Prolong Your Cat's Life
Daniel-Randall Veterinary Clinic provides a full range of preventive care services to help your cat live a longer, happier life and to increase the odds of detecting problems early, before they become severe and costly.
Our veterinarians make their annual preventive care recommendations based on the guidelines established by the American Animal Hospital Association (AAHA) and the American Veterinary Medical Association (AVMA) and take into consideration your cat's hereditary factors, age, medical history and lifestyle.
Annual preventive care for cats typically includes:
- At least one annual Physical Examination at which time our veterinarians will take a complete medical history, make nutrition recommendations, assess behavior, and review any known medical conditions.
During the exam our doctors will perform a:
- Ear and Eye Examination
- Cardiopulmonary (Heart and Lung) analysis
- Temperature Reading
- Abdominal Palpation
- Dental Exam
- Dermatological Exam
- Musculoskeletal Evaluation
- Vaccination recommendations include core vaccines Rabies and Feline Distemper. Your veterinarian may also suggest the Feline Leukemia vaccine for outdoor cats.
- Parasite Control Products to prevent and repel heartworms, intestinal parasites, fleas and ticks. Round worms can be transmitted to humans, so controlling these parasites protects your cat and also your family.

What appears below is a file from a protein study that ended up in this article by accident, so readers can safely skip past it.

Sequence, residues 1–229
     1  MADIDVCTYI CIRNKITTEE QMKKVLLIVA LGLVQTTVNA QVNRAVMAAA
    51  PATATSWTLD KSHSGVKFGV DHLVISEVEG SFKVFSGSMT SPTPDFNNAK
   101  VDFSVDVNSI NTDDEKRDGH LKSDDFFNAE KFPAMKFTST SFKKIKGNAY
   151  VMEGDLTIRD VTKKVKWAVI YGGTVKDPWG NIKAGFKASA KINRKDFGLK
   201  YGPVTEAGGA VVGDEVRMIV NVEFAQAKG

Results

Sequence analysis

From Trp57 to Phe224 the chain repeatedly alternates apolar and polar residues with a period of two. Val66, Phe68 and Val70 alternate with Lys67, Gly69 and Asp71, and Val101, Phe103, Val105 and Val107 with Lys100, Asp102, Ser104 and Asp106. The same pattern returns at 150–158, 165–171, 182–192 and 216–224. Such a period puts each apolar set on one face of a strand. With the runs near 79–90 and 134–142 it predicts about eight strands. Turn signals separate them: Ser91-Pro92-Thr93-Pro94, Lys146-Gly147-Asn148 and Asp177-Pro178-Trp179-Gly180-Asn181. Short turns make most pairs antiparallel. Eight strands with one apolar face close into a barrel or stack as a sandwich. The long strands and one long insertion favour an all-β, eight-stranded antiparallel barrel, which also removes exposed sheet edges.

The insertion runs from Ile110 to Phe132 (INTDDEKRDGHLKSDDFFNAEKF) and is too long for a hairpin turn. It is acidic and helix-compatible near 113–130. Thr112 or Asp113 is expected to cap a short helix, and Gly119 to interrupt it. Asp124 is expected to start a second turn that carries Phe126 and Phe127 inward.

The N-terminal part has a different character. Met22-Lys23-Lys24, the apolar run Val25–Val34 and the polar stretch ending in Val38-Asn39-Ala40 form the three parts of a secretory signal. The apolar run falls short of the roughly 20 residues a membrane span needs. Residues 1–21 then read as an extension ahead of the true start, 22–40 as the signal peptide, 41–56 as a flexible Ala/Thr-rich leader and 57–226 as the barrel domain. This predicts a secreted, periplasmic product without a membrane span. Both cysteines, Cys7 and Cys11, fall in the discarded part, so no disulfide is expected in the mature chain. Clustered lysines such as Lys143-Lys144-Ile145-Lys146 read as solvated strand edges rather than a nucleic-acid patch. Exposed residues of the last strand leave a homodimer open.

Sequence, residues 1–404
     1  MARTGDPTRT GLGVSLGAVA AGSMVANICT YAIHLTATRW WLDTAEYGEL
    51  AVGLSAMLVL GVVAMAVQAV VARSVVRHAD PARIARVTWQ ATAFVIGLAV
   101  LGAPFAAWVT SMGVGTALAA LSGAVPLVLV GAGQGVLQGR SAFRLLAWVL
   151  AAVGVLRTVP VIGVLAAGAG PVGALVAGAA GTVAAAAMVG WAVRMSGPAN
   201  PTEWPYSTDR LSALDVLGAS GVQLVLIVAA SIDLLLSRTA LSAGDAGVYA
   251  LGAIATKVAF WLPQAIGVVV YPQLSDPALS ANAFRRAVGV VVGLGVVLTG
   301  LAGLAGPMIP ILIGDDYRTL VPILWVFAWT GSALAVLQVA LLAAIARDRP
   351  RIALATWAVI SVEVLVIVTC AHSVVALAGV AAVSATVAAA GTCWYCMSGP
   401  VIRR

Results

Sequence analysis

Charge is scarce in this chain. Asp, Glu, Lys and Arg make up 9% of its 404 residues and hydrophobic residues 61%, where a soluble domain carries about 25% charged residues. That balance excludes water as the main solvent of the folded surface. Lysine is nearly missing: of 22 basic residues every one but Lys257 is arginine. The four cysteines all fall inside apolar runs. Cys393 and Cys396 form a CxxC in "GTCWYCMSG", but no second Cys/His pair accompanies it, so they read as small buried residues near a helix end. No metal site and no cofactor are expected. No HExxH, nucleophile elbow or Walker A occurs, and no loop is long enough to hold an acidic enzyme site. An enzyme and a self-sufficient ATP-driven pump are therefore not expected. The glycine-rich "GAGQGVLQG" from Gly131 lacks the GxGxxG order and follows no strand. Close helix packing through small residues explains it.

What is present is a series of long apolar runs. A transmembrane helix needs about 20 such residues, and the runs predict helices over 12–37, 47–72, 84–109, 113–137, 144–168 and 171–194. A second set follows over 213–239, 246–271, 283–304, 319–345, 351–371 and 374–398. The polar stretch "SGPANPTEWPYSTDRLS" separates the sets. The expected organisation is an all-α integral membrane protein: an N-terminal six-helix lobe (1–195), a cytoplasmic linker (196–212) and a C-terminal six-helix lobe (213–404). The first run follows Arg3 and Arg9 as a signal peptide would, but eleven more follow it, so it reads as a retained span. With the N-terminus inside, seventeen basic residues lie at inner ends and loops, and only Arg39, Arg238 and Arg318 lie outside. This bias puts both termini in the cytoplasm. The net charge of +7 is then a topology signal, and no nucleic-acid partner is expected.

- Diagnostic Testing to check for Feline Leukemia and/or Feline AIDS (FeLV/FIV), heartworms or other internal parasites and early stages of diseases which cannot be detected during a physical exam.
- Your veterinarian will also discuss other services, such as Dental Care or Microchipping, that can lead to a longer and healthier life for your cat.
Rabies virus is transferable to all mammals including humans. It has a 100% fatality rate. Rabies vaccine is an annual immunization that is required by all states. There also is a 3-year vaccine available if recommended by the veterinarian.
This vaccine is used to help prevent feline leukemia virus. The virus is spread through direct contact (cat-to-cat) and is eventually fatal.
We recommend a booster vaccine every 3-4 weeks starting at 6-8 weeks of age. Once your pet is 16 weeks of age, they are old enough for their last booster and also their rabies vaccine. If your kitten gets a late start, it is not a problem. We would still recommend a booster every 3-4 weeks until 16 weeks of age, with a minimum of 2 boosters.
A heartworm test is a blood test that checks your pet for heartworm disease. Since heartworms are so prevalent in this area, we recommend your pet(s) stay on preventative year round, and also do the blood test at least once every other year.
A fecal test checks your pet for intestinal parasites. Besides worms, there are other intestinal parasites that can make your pet sick. Many times, pets with parasites will not show any symptoms and you probably will not see any evidence in the stools. Even pets with normal stools can be carrying parasites. Several parasites are transferable to people therefore annual testing is recommended.